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Texas Abortion Law: why it needs to be eliminated.

By Julia Gallegos/ UTEP Student

Posted: December 7, 2014

Although the Supreme Court temporarily reversed the impact of a new law on
Texas abortion clinics that went into effect on October 2, 2014, the fight against
this law is far from over. This will continue to be a legal battle for its opponents
and other abortion rights advocates.
Texas was allowed to immediately
enforce new abortion rules and
regulations on October 2, 2014. A panel
on the U.S. 5th Circuit Court of Appeals
lifted a mandate granted by a lower
court in late August that stalled the final
pieces of the abortion law passed in 2013
(Welch, 2014). The restrictions of this
law on abortion facilities and providers
effectively closed all but seven clinics in
the state, including the only two in
West Texas. According to the
spokeswoman for the Texas Attorney Generals Office, this law is an attempt to
protect the health and safety of Texas women.
On October 14, 2014, soon after restrictions were enforced, the Supreme Court
blocked a provision that would have required abortion clinics to meet ambulatory
surgical standards. Providers in McAllen and El Paso were also exempted from
needing admitting privileges to nearby hospitals. Even with this partial reversal,
the law is scheduled for continued revision in full at the appeals court (Wolf,
The passage of this law will undoubtedly create several problems and burdens on
Texas women and their access to safe, legal abortion.
The requirement that clinics meet surgical center standards is an extremely
costly tax on abortion services that will result in the closing of abortion providers
in a large part of the state. Houston, Austin, San Antonio and Dallas-Fort Worth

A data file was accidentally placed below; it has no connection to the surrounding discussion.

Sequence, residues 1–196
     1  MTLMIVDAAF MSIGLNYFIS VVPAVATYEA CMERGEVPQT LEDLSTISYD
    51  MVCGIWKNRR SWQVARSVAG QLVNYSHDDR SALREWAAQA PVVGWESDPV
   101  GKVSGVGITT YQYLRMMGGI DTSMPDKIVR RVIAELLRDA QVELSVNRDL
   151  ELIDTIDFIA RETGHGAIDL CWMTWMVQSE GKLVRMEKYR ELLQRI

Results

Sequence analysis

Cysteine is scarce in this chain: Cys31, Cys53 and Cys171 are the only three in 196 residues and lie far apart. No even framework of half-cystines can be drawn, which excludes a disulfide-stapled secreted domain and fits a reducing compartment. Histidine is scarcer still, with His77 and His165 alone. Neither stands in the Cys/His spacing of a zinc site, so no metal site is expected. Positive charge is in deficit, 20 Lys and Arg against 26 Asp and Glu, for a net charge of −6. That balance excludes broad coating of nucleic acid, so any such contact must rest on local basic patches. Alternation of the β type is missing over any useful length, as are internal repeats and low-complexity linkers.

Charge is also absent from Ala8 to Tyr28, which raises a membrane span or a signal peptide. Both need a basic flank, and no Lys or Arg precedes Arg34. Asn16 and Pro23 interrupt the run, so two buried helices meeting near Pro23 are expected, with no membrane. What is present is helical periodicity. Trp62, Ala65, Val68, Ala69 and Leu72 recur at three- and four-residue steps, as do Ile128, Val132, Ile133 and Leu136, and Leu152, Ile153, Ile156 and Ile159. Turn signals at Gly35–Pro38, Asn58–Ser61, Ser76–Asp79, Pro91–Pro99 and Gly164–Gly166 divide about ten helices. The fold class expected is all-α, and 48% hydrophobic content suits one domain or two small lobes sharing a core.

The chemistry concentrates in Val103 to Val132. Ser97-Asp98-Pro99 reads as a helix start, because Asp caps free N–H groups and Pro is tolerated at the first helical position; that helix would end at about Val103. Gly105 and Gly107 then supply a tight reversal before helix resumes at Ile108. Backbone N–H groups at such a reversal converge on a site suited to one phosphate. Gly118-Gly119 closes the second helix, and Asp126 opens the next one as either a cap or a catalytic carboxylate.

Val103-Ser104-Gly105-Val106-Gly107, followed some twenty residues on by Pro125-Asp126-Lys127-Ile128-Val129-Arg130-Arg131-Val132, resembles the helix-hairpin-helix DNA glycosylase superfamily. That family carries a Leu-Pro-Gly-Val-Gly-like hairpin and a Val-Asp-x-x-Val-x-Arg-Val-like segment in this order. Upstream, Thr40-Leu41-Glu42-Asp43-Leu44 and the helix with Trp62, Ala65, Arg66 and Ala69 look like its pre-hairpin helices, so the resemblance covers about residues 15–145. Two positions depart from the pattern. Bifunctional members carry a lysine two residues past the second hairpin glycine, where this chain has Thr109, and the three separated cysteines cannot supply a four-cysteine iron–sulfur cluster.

will be the only places in the state with abortion facilities. This would leave
750,000 reproductive-age women, many along the Texas-Mexico border and in

West Texas, more than 200 miles from the nearest abortion provider, which
poses a substantial burden for those women (Welch, 2014).
This would surely cause terrible impacts on Texas women who would no longer
have access to safe and legal abortions, causing them to go out of state, or
perform dangerous self-induced abortions. It will also reduce their access to
prenatal care, cancer screenings, mammograms, and annual wellness visits, which
are also performed at many of these clinics (Welch, 2014).
These dangerous impacts on womens health are the reasons why the restrictions
of this law on abortion providers and facilities should not be enforced.
I believe it will be harmful to place unnecessary restrictions on abortion providers
and facilities. Many clinics will be forced to close, restricting the access to safe,
legal, and timely abortions, and other services to thousands of women.
Clinics and providers should not be so heavily restricted, when many have been
performing safe and legal abortions and other services for decades without these
unnecessary regulations.
Welch, W., M. (2014, October 2). Appeals court lets Texas enforce law that restricts abortions.
USA Today. Retrieved from
Wolf, R. (2014, October 14). Supreme Court eases impact of Texas abortion law. USA Today.
Retrieved from